Whether you are a first-time home buyer, or a retiree planning to “down-size” your residence, condominiums are “hot” during the 2006 peak home-buying season. In most communities, condos are still affordable for home buyers.
Condominiums are no longer the “ugly ducklings” of real estate. Now they appreciate in market value almost as fast as single-family houses.
As a longtime condo owner, I’ve witnessed their ups and downs in both popularity and desirability. Most condo owners are very satisfied. However, some condo complexes are poorly managed. Others have high monthly fees with sub-standard maintenance quality.
Worst of all, some condo complexes have become occupied mostly by renters, rather than owner-occupants, where there is little pride of ownership.
Buying a condo is not as simple as buying a house. However, if you know the right questions to ask, buying a condominium can be a profitable experience.
WHY BUY A CONDO INSTEAD OF A HOUSE?
In addition to the affordability of condos, the primary reason many condo buyers purchase is lack of maintenance concern. Condo owners don’t worry about repairs outside their condo units because that is the responsibility of the condo homeowner’s association.
Legally, a condo purchase involves very expensive air. Known as a “vertical subdivision,” each condo owner purchases the airspace to the inner walls, ceiling, and floor surfaces of a specific residence unit.
The building structure such as the walls, foundation, elevators, parking area, and roof, including outdoor grounds areas, is known as a “common area,” which is owned by, and the maintenance responsibility of, the homeowner’s association, which is owned by all the members.
In addition to affordability issues, the majority of condo buyers purchase for lifestyle reasons, such as recreational facilities, freedom from exterior maintenance, ability to lock the door and be away for extended periods, and enjoyment of luxury facilities at modest cost.
NEW OR RESALE CONDO — WHICH IS BEST?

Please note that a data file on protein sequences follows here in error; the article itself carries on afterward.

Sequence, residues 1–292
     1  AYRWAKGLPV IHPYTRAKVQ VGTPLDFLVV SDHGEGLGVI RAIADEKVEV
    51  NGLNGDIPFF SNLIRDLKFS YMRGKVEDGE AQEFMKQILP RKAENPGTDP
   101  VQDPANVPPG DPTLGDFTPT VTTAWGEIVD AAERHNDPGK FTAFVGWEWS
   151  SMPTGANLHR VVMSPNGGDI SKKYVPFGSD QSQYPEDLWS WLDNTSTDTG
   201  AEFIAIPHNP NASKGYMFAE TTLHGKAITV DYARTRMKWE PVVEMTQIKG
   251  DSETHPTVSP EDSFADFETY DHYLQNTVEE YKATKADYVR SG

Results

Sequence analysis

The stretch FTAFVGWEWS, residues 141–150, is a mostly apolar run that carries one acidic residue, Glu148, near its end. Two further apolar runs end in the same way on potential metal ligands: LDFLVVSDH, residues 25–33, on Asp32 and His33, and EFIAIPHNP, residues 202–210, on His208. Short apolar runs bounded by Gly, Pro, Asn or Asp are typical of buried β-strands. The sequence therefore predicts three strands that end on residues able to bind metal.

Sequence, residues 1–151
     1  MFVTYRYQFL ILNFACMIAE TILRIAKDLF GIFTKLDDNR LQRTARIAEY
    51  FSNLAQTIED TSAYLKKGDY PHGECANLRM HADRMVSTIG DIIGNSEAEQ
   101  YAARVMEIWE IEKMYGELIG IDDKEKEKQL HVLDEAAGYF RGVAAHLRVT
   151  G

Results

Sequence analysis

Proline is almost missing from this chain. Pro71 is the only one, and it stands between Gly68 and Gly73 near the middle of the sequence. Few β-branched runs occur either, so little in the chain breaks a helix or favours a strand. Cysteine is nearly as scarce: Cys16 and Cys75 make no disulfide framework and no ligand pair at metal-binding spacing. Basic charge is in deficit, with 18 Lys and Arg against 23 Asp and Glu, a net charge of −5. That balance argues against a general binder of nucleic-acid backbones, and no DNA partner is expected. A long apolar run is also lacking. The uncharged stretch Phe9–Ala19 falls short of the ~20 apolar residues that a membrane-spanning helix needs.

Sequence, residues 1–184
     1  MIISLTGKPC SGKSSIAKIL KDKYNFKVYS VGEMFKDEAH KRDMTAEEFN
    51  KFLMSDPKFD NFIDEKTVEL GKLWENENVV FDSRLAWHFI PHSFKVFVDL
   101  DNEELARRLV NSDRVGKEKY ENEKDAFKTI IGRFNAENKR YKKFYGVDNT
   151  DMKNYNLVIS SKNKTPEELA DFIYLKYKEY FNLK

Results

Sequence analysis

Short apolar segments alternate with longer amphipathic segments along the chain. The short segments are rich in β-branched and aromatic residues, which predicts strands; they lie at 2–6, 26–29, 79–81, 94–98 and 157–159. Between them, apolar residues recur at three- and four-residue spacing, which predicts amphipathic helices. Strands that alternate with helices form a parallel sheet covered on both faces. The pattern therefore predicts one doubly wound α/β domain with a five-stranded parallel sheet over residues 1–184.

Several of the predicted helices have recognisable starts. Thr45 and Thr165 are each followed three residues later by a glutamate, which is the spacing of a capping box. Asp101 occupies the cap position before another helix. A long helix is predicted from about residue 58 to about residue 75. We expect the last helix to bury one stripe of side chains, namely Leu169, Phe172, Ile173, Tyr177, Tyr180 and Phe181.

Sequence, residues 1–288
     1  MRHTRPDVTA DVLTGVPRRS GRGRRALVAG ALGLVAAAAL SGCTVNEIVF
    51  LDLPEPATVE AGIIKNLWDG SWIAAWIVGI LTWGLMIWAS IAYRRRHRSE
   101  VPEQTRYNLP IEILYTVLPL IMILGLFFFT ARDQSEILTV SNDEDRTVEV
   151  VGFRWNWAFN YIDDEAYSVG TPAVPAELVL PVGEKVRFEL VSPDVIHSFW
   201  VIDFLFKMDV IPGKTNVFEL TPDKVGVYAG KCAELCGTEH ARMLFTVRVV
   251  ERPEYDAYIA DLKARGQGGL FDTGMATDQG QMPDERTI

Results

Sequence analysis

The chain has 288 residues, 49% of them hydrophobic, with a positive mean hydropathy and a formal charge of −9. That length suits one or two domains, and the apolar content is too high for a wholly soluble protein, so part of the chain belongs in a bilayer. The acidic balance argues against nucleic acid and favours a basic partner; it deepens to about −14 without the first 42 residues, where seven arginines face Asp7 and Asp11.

Being the current owner of a second-home condominium, and having owned several previous condos, I am quite familiar with the many pros and cons of new and resale condominiums.
Owners of older resale condos usually have greater predictability of maintenance expenses and monthly fees because the construction defects of new units have been repaired.
However, older condo associations often have gradually increasing maintenance costs as the property ages. But a well-managed condo association will budget for such expenses and set aside adequate reserves so special assessments won’t be necessary.
Buyers of brand-new condominiums usually enjoy the latest up-to-date facilities and amenities. However, construction defects are a frequent problem unless the builder takes care of them without trying to dodge legal liability. For example, reportedly over 80 percent of California condo homeowner associations have sued their builder for construction defects.
Lawsuits by a condo association against its builder, or involving any other defendant, can greatly hurt the resale of condos in that complex. Mortgage lenders often refuse to make loans to buyers where there is any litigation involving the condo association.
Another unexpected problem with brand-new condos is the developer often sets the monthly maintenance fees too low to adequately fund reserves for repairs. After all the units are sold, the unpleasant result is the homeowner’s association has to raise monthly fee assessments to provide sufficient funds for expenses and replacement reserves.
THE FIVE KEY QUESTIONS CONDO BUYERS SHOULD ASK
To avoid buying a “bad condo,” whether it is brand-new or a resale unit, smart condo buyers ask at least these five key questions:
1.) HOW DO THE MONTHLY CONDO FEES COMPARE WITH COMPETITIVE NEARBY CONDO COMPLEXES?
Smart prospective condo buyers first ask, “What is included in the monthly assessment fee?” and then compare it with the fees charged at nearby competitive condo complexes.
However, be sure to compare apples with apples. To illustrate, the condo that I own includes winter heat in the monthly fee, but not summer air conditioning. Similar nearby condos include these major expenses, but some include neither because their condo units have individual heat and cooling units.